Kensington locals fight against proposed development which would be “completely out of character”

Kensington locals fight against proposed development which would be “completely out of character”
Brendan Rees

Kensington residents are fighting a proposal to put a mixed-use development in their historic street, saying its size would have a “very negative impact”.

Property developer Assemble Communities wants to build four buildings between four and eight storeys high at 402-432 and 434-444 Macaulay Rd, which are currently the sites of industrial buildings.

The project would include a total of 362 apartments consisting of one- and three-bedroom studio apartments – of which 20 per cent would be provided as social housing.  

Under the plans, three buildings would also comprise shops, a supermarket, a cafe, and office space. All ground floors would feature community spaces and workshops which would cater for social engagements, events, functions, recreational and networking activities.

Onsite amenities for residents would include a courtyard area, a common area, and co-working spaces and lounges.  

However, objectors have expressed concerns about the plans, saying the sheer size of the development was “far too big”, and would affect the neighbourhood’s character and amenity.

Kensington Association chair Simon Harvey has written a submission outlining his concerns, particularly the development’s impact to traffic and parking, which is “not being properly considered”.

“The proximity of Barnett St to existing commercial properties on the Macaulay Rd corner, in addition to the new commercial premises to be built along Macaulay Rd, will absolutely require special treatment of the street parking arrangements, in order to protect the parking needs of residents in Barnett St,” he wrote.

“There are steps that can be taken to mitigate the very negative impact of a development of this size on existing residents.”

“With another development in the pipeline (352-400 Macaulay Rd), and others in progress or waiting to be realised, there is an urgent requirement for a precinct-wide traffic and parking assessment.”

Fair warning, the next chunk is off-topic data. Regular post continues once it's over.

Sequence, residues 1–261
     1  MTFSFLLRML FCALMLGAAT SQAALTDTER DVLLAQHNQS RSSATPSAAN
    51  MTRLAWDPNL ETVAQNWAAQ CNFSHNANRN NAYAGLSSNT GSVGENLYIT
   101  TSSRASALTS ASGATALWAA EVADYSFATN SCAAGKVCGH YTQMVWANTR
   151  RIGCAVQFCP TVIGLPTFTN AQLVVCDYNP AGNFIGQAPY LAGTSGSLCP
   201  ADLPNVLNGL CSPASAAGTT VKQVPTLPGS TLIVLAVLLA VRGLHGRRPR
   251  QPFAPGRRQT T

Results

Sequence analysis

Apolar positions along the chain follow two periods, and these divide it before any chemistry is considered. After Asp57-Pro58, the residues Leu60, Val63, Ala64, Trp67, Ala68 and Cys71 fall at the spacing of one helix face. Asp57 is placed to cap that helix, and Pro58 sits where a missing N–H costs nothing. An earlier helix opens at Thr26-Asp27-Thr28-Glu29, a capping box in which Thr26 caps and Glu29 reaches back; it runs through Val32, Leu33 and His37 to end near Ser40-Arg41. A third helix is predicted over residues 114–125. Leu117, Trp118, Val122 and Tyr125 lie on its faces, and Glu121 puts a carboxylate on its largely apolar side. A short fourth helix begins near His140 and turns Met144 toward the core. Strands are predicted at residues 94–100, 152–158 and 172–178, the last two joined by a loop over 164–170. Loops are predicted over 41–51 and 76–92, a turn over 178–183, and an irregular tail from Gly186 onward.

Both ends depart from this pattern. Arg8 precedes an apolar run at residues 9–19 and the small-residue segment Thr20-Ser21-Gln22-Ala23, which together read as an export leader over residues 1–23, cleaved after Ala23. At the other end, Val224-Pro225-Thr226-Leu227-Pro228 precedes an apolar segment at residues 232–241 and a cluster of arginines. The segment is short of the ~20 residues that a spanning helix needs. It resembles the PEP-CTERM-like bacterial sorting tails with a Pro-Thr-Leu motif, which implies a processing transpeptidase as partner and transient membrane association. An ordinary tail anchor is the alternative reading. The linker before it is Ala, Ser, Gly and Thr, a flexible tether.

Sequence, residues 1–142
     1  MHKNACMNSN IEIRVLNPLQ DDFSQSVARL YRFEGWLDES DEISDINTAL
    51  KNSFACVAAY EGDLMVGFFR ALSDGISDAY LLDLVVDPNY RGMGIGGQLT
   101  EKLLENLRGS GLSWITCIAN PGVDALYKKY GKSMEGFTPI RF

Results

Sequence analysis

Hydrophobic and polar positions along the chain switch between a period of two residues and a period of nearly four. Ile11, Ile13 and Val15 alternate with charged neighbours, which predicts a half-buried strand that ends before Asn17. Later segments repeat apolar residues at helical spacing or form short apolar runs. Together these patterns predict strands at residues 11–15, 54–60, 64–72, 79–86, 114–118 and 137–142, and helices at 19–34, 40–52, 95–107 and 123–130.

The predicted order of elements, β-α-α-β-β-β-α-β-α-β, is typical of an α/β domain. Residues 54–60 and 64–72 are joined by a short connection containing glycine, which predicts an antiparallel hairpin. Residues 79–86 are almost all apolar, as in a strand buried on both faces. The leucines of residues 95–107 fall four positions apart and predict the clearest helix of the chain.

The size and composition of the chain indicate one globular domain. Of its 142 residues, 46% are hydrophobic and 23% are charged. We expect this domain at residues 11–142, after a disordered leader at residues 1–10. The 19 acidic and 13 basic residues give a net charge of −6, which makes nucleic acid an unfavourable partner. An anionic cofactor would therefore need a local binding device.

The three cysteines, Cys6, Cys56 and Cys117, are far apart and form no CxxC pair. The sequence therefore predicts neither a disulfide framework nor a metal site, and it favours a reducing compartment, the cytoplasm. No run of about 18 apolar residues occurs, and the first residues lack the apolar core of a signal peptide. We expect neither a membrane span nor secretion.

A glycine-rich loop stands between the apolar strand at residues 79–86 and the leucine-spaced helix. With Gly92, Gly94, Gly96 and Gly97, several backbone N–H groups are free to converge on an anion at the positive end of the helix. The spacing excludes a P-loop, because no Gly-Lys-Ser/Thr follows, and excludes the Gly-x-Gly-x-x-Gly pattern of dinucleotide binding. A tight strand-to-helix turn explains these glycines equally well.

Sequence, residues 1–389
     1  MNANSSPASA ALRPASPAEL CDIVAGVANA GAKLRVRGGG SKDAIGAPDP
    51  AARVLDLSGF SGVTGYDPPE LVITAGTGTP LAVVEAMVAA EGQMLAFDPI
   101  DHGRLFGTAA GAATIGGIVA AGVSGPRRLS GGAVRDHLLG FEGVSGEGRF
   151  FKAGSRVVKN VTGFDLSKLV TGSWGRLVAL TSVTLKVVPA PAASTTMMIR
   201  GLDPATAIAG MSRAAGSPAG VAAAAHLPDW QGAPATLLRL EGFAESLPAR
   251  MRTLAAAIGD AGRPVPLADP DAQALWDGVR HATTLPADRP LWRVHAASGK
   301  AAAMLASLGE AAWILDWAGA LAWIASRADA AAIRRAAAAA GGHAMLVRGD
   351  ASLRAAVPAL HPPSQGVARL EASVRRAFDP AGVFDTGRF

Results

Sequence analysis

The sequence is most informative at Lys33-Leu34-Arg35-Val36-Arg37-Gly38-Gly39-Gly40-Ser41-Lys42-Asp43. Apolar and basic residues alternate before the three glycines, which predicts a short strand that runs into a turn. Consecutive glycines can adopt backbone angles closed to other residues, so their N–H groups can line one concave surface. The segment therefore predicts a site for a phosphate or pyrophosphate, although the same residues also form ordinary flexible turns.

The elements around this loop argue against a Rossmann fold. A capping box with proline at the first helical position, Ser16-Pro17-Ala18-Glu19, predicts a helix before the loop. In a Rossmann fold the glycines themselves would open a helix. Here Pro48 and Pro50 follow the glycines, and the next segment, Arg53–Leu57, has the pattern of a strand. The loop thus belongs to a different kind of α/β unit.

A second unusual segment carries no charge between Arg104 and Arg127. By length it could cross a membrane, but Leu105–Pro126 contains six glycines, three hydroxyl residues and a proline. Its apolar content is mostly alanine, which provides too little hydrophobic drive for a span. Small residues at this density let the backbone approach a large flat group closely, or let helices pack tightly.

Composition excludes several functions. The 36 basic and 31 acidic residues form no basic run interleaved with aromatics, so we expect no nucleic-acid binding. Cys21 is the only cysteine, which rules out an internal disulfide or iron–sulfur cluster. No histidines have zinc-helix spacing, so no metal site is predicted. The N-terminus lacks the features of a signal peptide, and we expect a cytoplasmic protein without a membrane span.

According to the plans, a total of 161 car parking spaces would be provided in one level of a basement for residents and retail tenancies. An additional 338 parking spaces would be provided for bicycles and 10 for motorbikes.

A Barnett St resident, who did not want to be identified, said he and other residents “strongly object” to the proposal, saying it would have a detrimental impact on the community.


“It’s a very heritage street, the backdrop of the proposed build will be completely out of character,” he told North West City News.


He said traffic issues “are just the beginning of the major issues and impact this development will have on both the Kensington community but especially Barnett St residents.”

In his submission to the Department of Environment, Land, Water and Planning (DELWP) in opposing the plans, he said other new developments at 393 Macaulay Rd, 347 Macaulay Rd, and 15 Thompson St, would increase congestion and traffic, which “has not been well considered and accounted for throughout this plan.”

The resident also cited issues of privacy, saying “as a young family we are deeply concerned about the new build with residents seeing into our backyards.”

He said the planting of infant trees to create privacy for Barnett St residents would “take a considerable amount of time” – up to 10 years – before the trees were tall enough to cover the view from the new apartments – with residents calling for temporary screens to be installed if the development is approved.

According to the planning application, Assemble Communities will aim to “deliver a scale of development that complements the established low-scale residential area”.

“A variety of architectural techniques including differing building forms and typologies, contrasting materials and finishes, street walls, setbacks, street level activity, and distribution of balconies and windows to each of the buildings deliver a truly exceptional design response to the site,” it said.

Assemble said the social housing offering was a “fundamental component” of the application, and “demonstrates a measurable broader community benefit within an identified urban renewal precinct”.

DELWP is considering the plans. •


Caption: Kensington Association chair Simon Harvey and other residents are strongly objecting to a “bulky building” proposal, which they say will be imposing on their backyard privacy, which makes no transition to their single storey heritage homes.

Photo: Murray Enders.

John Buncle

John Buncle

February 14th, 2024 - Felicity Jack
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